Communicating with Search Engines


Before long-tail keyword research, before keyword density analysis, before any on-page Search Engine Optimization (SEO) tasks are undertaken, to achieve a high placement — in the colloquial, to get a high ranking — on the Search Engine Results Pages (SERPs) it's a best practice to enable communication with the search engines.


There are five search engines that have a greater than 1.0% market share of all English language searches in the US. These are Google, Yahoo, Bing, Ask, and AOL. The top three search engines (Google, Yahoo & Bing) account for almost 96%. Please be aware, within specific genres there are additional search engines that only index activity within their sector. Examples of three such sectors would be blogs, paid content (online ads), and academic papers.


In addition, it should be noted that DMOZ, the Open Directory Project (ODP), still plays a significant role in searches conducted in non–roman character languages.

In such searches, Google still crawls DMOZ and lists the results. Also, on the occasion when a web page lacks a Title element & Description meta tag and that web page has been indexed on DMOZ, many search engines will include the DMOZ results. It is, of course, a best practice to implement a unique Title element & Description meta tag on each web page.

Further, if the site is in a roman–character alphabet, and each page has a unique Title element & Description meta tag, it's recommended to block DMOZ from feeding the major search engines, esp. Yahoo & Bing.


Each search engine offers a slightly different array of services for registered webmasters. Given Google's market share, it's the most important and offers the most robust services, currently, 33 Webmaster Tools. Of these, nine are necessary for effective communication with Google. Bing and Yahoo each offer fewer tools. Nonetheless, the principle is the same.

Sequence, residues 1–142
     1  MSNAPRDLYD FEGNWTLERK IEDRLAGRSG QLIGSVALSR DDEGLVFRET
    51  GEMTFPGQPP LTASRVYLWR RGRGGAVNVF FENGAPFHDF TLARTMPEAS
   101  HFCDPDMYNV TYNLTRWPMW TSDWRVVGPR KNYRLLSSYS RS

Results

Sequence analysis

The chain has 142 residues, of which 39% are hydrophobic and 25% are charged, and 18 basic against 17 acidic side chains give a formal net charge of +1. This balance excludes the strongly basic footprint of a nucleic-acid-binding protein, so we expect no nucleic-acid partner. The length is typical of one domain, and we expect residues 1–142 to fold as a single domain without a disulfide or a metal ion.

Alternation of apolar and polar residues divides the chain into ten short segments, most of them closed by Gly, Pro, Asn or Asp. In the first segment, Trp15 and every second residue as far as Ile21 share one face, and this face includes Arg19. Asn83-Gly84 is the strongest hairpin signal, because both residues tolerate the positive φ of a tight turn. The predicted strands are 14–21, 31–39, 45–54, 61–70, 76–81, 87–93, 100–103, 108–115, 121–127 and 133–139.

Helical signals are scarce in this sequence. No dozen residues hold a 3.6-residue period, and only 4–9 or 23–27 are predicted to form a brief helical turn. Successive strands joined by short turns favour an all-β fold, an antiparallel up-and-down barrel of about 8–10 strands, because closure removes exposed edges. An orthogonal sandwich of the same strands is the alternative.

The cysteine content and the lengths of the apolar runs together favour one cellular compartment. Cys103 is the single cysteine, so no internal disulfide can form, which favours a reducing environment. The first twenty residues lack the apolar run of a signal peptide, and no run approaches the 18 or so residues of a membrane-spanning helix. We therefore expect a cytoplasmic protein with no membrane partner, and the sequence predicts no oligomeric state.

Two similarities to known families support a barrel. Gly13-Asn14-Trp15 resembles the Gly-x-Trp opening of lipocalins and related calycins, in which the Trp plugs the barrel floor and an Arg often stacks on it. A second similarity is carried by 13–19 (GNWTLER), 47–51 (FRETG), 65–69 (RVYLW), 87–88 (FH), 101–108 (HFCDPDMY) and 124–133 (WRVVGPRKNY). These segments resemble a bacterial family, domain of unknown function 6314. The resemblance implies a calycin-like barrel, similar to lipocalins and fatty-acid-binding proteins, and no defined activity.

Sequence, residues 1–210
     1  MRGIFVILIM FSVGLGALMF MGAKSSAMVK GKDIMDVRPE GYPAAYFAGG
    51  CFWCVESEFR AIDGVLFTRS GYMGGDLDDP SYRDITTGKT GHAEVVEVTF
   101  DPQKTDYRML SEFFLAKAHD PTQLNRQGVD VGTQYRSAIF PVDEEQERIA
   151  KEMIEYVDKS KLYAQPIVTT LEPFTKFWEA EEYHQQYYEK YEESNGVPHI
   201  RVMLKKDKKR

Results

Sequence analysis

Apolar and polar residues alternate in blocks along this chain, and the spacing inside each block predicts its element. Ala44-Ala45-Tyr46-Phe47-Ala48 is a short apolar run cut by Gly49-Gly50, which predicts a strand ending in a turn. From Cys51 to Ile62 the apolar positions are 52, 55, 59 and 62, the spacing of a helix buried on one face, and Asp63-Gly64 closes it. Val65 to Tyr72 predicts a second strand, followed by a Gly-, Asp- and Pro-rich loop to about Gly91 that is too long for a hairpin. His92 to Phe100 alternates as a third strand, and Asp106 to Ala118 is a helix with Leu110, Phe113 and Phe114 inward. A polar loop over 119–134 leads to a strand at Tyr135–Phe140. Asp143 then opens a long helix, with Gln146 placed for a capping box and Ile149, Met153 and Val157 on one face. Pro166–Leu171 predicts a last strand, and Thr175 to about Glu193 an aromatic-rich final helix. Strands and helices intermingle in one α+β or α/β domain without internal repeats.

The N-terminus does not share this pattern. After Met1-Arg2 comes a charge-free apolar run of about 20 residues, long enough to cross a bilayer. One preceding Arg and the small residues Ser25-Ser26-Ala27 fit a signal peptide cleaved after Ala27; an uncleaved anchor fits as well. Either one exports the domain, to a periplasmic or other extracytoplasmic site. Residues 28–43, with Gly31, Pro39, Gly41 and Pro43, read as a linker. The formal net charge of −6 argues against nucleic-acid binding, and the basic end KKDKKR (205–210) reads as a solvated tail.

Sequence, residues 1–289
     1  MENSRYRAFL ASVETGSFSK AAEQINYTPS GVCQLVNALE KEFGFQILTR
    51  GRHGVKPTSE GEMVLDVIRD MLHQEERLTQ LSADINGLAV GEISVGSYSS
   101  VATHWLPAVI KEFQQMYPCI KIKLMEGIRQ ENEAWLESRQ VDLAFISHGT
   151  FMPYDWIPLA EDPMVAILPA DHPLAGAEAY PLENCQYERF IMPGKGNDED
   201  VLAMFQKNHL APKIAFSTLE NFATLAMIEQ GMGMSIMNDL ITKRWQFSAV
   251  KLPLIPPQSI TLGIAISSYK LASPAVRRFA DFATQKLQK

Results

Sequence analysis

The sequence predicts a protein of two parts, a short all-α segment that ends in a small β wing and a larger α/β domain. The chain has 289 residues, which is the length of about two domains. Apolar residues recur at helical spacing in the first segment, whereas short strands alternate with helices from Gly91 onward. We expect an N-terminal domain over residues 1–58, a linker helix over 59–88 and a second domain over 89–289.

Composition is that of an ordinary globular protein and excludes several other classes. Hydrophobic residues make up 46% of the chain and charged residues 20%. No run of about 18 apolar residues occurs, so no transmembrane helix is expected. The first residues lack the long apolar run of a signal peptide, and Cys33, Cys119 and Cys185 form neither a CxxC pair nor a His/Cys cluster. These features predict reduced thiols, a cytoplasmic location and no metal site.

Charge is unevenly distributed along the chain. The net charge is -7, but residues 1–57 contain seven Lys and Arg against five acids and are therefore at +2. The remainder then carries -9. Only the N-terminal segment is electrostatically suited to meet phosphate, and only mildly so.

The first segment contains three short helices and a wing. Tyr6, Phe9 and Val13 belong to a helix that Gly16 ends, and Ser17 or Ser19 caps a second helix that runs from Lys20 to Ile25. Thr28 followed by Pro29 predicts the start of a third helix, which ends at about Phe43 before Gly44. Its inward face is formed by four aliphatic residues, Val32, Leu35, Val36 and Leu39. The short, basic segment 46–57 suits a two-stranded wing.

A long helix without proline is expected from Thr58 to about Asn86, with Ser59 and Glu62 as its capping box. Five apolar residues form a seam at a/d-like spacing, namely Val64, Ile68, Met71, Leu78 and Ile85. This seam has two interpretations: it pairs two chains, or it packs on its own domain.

Ten Steps to enable better communication between your Web Site and Search Engines.

Open a Webmaster account in each search engine and complete the registration/profile for each tool. Each search engine has a different registration policy. Set up an account for each domain name and/or each email address that is to be given access.

Once a website is public it must be verified. Verification can either be linked from an external text file or placed in a meta tag between the <head> and </head> elements in the code. 

Google requires verification to be placed on every page. Bing and Yahoo require verification to be placed on every root page.

(If a website only has a Top Level Domain (TLD) then this is the home page.

If a website has sub-domains, a verification must be placed on the root page of each sub-domain.)

Each and every page must have either a robot meta tag or a link to an external robot.txt file.

In its simplest form, a robot.txt tells a search engine whether (or not) to index a page and whether (or not) to follow the links (to the next pages).

For example: <meta name="robots" content="all, index, follow" /> . Primarily, this is to prevent the search engines from indexing admin pages. For instance not to index registration and e-commerce checkout pages -- i.e. any page where a user has entered private or financial information.

It is also a best practice to differentiate between the search engines; indicate specific directions for Google, Bing, and Yahoo. Google's bot is named Googlebot. Yahoo's is Slurp. Bing's is Bingbot.

Once a site is verified, submit the domain name to the webmaster account on each search engine. While there are public submissions available, it is far more effective to log in to the webmaster account and uses the submission form for webmasters. Doing so will minimize the interval before the search engine's bot indexes the site.

Google only requires the TLD be submitted — although it should be noted far more emphasis is placed on the submission of XML sitemap(s). (See next step.) In addition to submitting a TLD, if a site has sub-domains, Bing and Yahoo require the root file for each sub-domain be submitted.

Each site should have both a public and a non-public sitemap.
The public sitemap is in HTML and can be accessed through a site's menu (navigation).

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